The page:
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Posts Tagged ‘critical thinking’

Thought and Practice

How important is thought, reasoning, and cognition to our practice? Or is it just a kind of impediment? We’ll look at some material from early Buddhism for answers to this question.

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Thinking and Feeling, Critically

We are deep into the political season. Looking at the Trump phenomenon, an article by Phil Torres in Salon bemoans the “anti-intellectualism that runs through the roots of American culture.” Torres notes that, “[T]he most dangerous consequence of Fox News is that it discourages that most important form of rigorous curiosity called critical thinking.” Critical thinking,…

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Who Is The Ultimate Authority?

The concept of authority in Buddhism shouldn’t be complicated — yet it is. Many of us are already familiar with the Kalama Sutta‘s talk about how we shouldn’t rely on outside authorities but weigh what we’re told against our own experience. For many here this was one of the first reasons we became interested in…

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Unlearning Buddhism (Stephen Batchelor)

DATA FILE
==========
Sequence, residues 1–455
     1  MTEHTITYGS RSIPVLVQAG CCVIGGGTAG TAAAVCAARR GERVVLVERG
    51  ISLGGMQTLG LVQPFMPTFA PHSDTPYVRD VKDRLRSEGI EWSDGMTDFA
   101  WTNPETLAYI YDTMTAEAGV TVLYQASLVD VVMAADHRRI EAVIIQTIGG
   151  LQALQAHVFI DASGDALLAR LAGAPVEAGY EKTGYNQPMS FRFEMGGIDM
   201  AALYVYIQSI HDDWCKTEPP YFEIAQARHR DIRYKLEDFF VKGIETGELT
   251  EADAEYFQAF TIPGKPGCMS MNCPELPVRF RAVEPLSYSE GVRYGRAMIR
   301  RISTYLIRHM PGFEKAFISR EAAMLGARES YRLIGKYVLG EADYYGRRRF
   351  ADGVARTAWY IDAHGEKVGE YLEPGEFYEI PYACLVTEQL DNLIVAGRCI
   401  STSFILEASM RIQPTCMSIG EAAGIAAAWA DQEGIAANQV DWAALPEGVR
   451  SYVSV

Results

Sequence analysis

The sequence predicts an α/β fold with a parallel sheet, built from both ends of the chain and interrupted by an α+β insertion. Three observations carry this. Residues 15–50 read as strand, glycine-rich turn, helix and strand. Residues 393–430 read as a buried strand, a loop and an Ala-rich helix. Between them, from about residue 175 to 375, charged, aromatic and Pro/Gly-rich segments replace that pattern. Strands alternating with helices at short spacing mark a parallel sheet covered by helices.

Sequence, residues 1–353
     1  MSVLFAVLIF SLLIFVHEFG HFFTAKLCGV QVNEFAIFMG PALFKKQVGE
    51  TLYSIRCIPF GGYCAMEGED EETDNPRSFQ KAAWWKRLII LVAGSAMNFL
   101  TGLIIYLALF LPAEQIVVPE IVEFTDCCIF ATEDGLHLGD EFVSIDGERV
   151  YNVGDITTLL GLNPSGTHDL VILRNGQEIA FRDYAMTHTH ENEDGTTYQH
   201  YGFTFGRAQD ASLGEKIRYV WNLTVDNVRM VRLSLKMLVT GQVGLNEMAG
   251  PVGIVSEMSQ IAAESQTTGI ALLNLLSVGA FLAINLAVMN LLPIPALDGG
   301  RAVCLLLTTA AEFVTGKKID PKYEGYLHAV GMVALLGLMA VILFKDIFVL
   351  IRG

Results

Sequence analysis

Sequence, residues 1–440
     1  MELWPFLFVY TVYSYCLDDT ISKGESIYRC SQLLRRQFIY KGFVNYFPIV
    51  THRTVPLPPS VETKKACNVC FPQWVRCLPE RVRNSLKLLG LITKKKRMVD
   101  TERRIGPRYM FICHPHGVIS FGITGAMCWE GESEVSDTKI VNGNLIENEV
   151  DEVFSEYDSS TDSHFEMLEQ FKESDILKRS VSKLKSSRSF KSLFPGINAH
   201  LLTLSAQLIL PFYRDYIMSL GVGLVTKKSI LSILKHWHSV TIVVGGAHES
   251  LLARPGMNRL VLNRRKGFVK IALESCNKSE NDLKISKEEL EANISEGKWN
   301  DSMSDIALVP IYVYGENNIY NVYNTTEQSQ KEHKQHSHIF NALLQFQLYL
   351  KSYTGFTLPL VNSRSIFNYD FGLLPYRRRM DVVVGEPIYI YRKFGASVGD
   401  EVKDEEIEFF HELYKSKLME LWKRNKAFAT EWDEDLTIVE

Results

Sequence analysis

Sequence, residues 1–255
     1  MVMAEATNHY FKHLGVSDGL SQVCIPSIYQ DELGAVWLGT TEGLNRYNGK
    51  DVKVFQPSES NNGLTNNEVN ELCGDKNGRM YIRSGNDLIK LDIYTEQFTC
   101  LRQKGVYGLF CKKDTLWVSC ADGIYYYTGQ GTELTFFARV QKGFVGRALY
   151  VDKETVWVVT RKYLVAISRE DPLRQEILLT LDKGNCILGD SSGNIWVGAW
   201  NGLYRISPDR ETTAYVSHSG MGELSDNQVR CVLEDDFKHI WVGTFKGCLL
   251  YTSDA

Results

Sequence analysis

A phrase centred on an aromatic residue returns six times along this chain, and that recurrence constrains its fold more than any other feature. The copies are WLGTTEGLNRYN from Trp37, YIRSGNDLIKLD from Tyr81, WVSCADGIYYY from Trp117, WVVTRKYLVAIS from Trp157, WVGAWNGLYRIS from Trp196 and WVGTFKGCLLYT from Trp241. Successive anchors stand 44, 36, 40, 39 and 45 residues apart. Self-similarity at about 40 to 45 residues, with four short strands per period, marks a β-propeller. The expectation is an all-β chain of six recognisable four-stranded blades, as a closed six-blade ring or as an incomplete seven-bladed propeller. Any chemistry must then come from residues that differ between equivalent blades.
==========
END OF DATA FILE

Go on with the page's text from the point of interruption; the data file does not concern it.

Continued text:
A reflection on the difficulties involved in and the methodology of a secular approach to Buddhism, followed by a reading of and comments on the Kalama Sutta, considered as a primary source text for secular Buddhism

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Why Scientific Scrutiny is Vital to Buddhist Practice

In secular Buddhist practice, it’s essential that we welcome scientific scrutiny on our practices, and that we approach our own practices with skepticism and scientific methodology. So much of our practice involves subjective experience, and experimentation therein. Science has shown repeatedly how incredibly easy it is to fool oneself, and to create experiences derived of…

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No One to be Reborn

Critical thinking, skepticism, and experimentation are not only important in science, but our everyday lives. This is also true in Buddhism, and especially secular Buddhism. In fact, the Buddha was well known for saying, and I’m paraphrasing here: Don’t just believe what I say. Look for yourself.

When we first began practice with meditation, and mindfulness in our daily lives, many of the teachings prove themselves to be true. It becomes starkly apparent, for instance, that we cling to pleasure and we have aversion to pain. Our reactions to such clinging often cause a great deal of internal suffering. Mindfulness goes on to reveal much more than just clinging, but also how we create and recreate a feeling of self.

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Episode 27 :: Dr. Linda Elder :: Critical Thinking

Today we speak with Dr. Linda Elder about Critical Thinking, what it really is, and how to develop it. In meditation, we take an intimate look at what’s going on in our minds, moment by moment. Sometimes the attention is wonderfully on the breath, sometimes on the pain in our leg, and sometimes we’re just…

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